SINGAPORE – The poor and the elderly in Singapore were most likely to feel uneasy about the country’s decision to live with Covid-19, new research from the Institute of Policy Studies (IPS) has found.
But support for vaccination remains high, with seven in 10 people agreeing that vaccines should be made compulsory for all citizens and long-term residents.
And although people’s satisfaction with the Government’s handling of the pandemic fluctuated widely over the four-month study period, they remained consistently confident that Singapore will win the fight against Covid-19.
These were the key findings from a working paper on people’s attitudes towards living with Covid-19, which was released on Thursday (Dec 2).
The study used data from online surveys conducted over 12 phases, or “waves”, from mid-July to end-November. Each wave collected responses from more than 500 residents aged 21 years and older.
It builds on the findings of an earlier IPS study conducted between April 2020 and March this year.
“Those who were younger and more affluent were consistently observed to be more enthusiastic and ready for endemic living, compared to those who were older and less affluent,” said IPS principal research fellow Mathew Mathews, who led the study.
“It’s to be expected… since we do know from the science that those who are older may be affected more adversely, so obviously their appetite for endemic living might be more muted.”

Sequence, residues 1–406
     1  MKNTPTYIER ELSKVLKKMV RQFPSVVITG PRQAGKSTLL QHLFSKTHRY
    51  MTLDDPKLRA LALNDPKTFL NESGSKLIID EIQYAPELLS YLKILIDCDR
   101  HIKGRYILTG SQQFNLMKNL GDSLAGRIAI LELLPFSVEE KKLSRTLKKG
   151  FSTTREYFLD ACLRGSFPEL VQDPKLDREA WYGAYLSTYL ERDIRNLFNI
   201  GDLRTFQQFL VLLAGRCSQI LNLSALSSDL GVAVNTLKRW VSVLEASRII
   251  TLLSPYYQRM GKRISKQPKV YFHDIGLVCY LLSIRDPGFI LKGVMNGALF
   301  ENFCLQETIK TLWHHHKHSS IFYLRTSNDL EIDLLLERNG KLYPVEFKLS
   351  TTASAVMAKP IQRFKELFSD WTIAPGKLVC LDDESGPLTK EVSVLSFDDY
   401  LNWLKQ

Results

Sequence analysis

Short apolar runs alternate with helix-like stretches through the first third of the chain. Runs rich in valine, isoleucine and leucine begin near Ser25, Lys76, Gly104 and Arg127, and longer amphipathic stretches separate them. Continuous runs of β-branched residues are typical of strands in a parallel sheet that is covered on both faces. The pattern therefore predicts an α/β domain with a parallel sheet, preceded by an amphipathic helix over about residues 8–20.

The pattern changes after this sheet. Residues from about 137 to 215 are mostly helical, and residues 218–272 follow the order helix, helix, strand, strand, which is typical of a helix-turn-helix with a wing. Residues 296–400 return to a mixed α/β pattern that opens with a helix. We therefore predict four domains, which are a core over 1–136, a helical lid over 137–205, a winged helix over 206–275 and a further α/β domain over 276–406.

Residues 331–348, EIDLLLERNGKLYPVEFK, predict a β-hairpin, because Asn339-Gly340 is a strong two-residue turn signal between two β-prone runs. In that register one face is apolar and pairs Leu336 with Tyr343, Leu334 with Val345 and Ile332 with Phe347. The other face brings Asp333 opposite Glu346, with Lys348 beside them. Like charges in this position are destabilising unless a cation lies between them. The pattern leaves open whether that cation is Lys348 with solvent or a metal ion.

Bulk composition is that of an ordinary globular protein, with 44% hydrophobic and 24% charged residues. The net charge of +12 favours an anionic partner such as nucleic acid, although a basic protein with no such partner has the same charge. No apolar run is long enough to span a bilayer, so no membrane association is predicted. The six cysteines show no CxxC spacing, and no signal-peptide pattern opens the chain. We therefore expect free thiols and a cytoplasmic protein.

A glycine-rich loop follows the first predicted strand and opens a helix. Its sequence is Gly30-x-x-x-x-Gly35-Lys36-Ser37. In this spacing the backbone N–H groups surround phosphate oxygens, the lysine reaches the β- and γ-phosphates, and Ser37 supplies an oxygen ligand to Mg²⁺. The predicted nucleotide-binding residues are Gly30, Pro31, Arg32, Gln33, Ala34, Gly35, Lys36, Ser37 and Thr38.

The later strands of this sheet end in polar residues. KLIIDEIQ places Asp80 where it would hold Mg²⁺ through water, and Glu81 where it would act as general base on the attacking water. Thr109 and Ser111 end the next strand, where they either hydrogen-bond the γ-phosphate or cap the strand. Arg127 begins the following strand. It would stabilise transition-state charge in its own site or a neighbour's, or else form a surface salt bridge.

Participants were asked questions ranging from their degree of belief in Singapore’s political leadership to how confident they were about resuming social activities in the new normal. They were also asked for their thoughts on policies such as vaccination and the home recovery scheme.
As a general rule, older people expressed less confidence about dining out and taking public transport compared with their younger counterparts. For instance, 40 per cent of those aged 60 and above said they were not confident of dining out given that the coronavirus was still circulating, compared with 25 per cent of those aged between 21 and 29.
Similarly, people with lower incomes tended to be less sure of attending large live events and engaging in leisure travel. Some 63 per cent of those earning less than $3,000 a month said they were not confident of leisure travel to countries with low case numbers, compared with 43 per cent of those earning $6,000 and above.
On vaccination, seven in 10 people said vaccination should be made compulsory for all Singaporeans and long-term residents, while nine in 10 agreed that annual booster shots were important to reduce the risk of infection.
But reactions were mixed on differentiated measures based on vaccination status, with older people tending to express negative emotions – anger, sadness or anxiety – over such decisions.
Participants were also asked about their attitudes towards the Government’s handling of Covid-19.
Overall satisfaction levels started at around 77 per cent in July but fell sharply as cases climbed, and hit a low of 59 per cent when the Government announced stricter stabilisation measures. They subsequently climbed back up to 64 per cent in mid-November, when Singapore eased several Covid-19 restrictions.
Belief in Singapore’s political leadership also fluctuated, with seniors more likely to feel that the Government had not demonstrated good leadership, and richer people tending to feel otherwise.
But people generally trusted that Singapore will win the fight against Covid-19, with 68 per cent of those surveyed agreeing with this sentiment in the latest phase.
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